Kevin Barry is one of the most popular, and certainly one of the most sung, of Irish ballads. But who was Kevin Barry? Why was he immortalised in song? And what has been the significance of the ballad tradition generally in the Irish Revolution and, indeed, of the Irish Revolution in the ballad tradition? Listen to History Ireland editor, Tommy Graham, in discussion with Liz GillisEunan O’HalpinPádraig Óg Ó Ruairc and Fintan Vallely.This Hedge School, supported by the Department of Tourism, Culture, Arts, Gaeltacht, Sport and Media under the Decade of Centenaries 2012-2023 initiative, was recorded via Zoom and is now available as a podcast 

Seat of Crown administration since the twelfth century, and still bearing the physical scars of the 1916 Rising, during the War of Independence Dublin was also GHQ of the IRA and the location of the underground Dáil administration. 

To find out how the conflict played out between the two sides join History Ireland editor, Tommy Graham, in discussion with Donal FallonJohn GibneyLiz Gillis and Padraig Yeates.

Available on www.historyireland.com/podcast-channel and or wherever you get your podcasts.

Supported by the National Library of Ireland as part of the Dublin Festival of History.

So said Winston Churchill in reference to the Irish Free State on hearing news of the destruction of the Public Records Office in the Four Courts in June 1922 at the outbreak of the Civil War. But in many respects, this also applies to Northern Ireland whose Public Records Office Northern Ireland (PRONI) didn’t open its doors until 1924. How did these two institutions overcome this initial setback and what has been their significance in state formation, archives and commemoration?  

Listen to Tommy Graham, editor of History Ireland, in discussion with Marie ColemanCatriona CroweRay Gillespie and Neil Johnston

This Hedge School is a part of a wider digital event hosted by the Public Record Office of Northern Ireland, in conjunction with Beyond 2022.

Having considered the ‘global’ impact of the Irish revolution in the last podcast (Dev in America), this Hedge School zooms in on the ‘local’—the market town of Nenagh and the surrounding North Tipperary area during the revolutionary decade—but also sets events in the wider national context.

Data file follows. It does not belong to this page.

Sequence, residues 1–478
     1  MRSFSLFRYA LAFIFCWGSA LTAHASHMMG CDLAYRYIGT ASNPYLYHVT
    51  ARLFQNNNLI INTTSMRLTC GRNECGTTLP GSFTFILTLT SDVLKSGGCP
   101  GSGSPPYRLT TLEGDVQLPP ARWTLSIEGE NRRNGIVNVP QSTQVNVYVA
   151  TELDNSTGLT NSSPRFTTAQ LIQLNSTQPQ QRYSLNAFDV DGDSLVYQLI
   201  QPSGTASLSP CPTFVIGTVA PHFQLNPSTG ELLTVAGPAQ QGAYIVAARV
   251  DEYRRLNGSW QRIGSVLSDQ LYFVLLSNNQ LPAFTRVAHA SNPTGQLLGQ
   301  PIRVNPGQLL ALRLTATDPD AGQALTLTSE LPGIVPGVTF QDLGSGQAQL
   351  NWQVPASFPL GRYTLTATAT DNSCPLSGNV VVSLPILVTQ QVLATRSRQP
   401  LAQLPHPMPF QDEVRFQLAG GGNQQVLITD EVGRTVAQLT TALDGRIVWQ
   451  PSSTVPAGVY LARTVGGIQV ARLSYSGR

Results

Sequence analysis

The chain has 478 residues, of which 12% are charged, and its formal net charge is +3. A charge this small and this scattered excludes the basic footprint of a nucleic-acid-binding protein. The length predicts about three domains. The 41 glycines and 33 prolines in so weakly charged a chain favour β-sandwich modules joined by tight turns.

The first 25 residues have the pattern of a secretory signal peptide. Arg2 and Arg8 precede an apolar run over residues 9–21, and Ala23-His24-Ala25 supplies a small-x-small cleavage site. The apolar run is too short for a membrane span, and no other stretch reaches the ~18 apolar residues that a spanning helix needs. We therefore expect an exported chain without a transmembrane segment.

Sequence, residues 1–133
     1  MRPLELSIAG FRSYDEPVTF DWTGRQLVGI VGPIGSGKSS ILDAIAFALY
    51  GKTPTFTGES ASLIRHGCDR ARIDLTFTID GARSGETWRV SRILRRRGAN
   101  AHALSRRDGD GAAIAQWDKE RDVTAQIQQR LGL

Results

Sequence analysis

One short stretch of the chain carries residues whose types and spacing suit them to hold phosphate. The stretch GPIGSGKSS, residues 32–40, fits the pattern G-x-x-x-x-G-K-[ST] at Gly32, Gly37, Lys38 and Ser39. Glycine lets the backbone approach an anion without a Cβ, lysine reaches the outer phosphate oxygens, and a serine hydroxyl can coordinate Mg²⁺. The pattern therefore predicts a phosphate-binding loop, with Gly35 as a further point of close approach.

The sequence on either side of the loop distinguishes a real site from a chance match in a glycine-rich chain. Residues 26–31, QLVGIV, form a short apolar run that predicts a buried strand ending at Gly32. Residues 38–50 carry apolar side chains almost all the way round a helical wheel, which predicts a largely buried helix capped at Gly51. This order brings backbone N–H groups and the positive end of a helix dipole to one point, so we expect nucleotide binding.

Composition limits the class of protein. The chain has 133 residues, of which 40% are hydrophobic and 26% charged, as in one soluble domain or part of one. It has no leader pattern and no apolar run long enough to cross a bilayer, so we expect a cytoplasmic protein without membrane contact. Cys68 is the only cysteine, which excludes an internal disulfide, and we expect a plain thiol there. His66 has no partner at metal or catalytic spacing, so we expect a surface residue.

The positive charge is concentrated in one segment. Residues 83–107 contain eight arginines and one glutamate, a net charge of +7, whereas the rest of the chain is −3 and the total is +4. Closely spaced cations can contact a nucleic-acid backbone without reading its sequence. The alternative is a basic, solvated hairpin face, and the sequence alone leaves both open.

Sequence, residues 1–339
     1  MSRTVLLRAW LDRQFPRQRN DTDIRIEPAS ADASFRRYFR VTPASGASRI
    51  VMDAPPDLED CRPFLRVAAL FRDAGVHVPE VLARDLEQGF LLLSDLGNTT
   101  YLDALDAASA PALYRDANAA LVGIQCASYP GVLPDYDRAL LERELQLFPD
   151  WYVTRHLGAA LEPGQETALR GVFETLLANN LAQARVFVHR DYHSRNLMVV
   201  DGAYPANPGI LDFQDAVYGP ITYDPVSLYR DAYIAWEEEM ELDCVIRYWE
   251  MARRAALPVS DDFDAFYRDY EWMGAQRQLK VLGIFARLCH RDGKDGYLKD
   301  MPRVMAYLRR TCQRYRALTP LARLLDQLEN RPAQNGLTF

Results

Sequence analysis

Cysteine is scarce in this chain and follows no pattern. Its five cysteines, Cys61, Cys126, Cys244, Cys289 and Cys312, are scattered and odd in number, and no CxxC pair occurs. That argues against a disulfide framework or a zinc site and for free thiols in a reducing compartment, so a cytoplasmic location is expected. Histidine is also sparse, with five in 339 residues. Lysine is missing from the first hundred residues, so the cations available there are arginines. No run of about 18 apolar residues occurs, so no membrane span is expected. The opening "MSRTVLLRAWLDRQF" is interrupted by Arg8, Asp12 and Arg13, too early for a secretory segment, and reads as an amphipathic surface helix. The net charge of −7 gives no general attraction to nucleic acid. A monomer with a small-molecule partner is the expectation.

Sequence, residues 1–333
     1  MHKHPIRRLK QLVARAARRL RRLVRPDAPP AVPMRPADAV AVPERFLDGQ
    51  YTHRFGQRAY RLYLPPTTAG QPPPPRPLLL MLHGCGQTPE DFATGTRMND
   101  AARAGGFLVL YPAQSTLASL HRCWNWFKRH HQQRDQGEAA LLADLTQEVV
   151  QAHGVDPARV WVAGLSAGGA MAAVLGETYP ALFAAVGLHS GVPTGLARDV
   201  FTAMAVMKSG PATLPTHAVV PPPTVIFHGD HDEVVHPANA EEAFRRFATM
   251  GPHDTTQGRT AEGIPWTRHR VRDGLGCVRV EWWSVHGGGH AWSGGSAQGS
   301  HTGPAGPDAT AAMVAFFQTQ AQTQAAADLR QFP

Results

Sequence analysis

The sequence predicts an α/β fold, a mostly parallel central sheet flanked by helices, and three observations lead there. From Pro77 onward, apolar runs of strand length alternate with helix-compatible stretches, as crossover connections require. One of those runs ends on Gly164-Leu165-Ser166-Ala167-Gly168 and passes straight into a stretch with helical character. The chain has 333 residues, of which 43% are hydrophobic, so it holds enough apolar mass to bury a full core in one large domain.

Listen to Tommy Graham, editor of History Ireland, in discussion with Gerard DooleyJohn FlannerySeán Hogan and Caitlin White

PANELLISTS

Ger Dooley, originally from County Laois, has studied early twentieth-century North Tipperary and has published two books on the towns of Nenagh and Roscrea during that period. He is a programme manager in the Michael Smurfit Graduate School of Business in UCD.

John Flannery is a member of the Tipperary in the Decade of Revolution group and of the Tipperary GAA Bloody Sunday Commemoration Committee, and is a past president of the Ormond Historical Society.

Seán Hogan is also a member of the Tipperary in the Decade of Revolution group and the author of The Black and Tans in North Tipperary—policing, revolution and war 1913–1922 (Nenagh Guardian, 2013), widely regarded as a definitive account of events in North Tipperary. 

Caitlin White is studying for a Ph.D at Trinity College, Dublin, investigating how public history was used to promote various identities in the two Irish states after partition. She has a chapter on public history in Nenagh in the forthcoming The public in public history (Routledge, 2021).

This podcast is supported by Tipperary County Council and the Heritage Council as part of ‘Nenagh 800’.

While the War of Independence raged in Ireland, a parallel international diplomatic campaign for recognition and funding for the underground Irish Republic was being waged. Central to this was the tour of Eamon de Valera, ‘President of the Irish Republic’, to the United States from June 1919 to December 1920. To assess its success or otherwise listen to Tommy Graham, editor of History Ireland, in discussion with Michael DoorleyDarragh GannonMiriam Nyhan Grey, and David McCullagh.

The great voyages of discovery (Columbus, de Gama, etc.) shifted the centre of gravity of European maritime trade from the Mediterranean to the Atlantic. Over the same period the conquest of Ireland was completed. By the eighteenth century, Ireland, for centuries on the periphery of Europe, found itself at the centre of this newly formed ‘Atlantic world’ as part of the British Empire.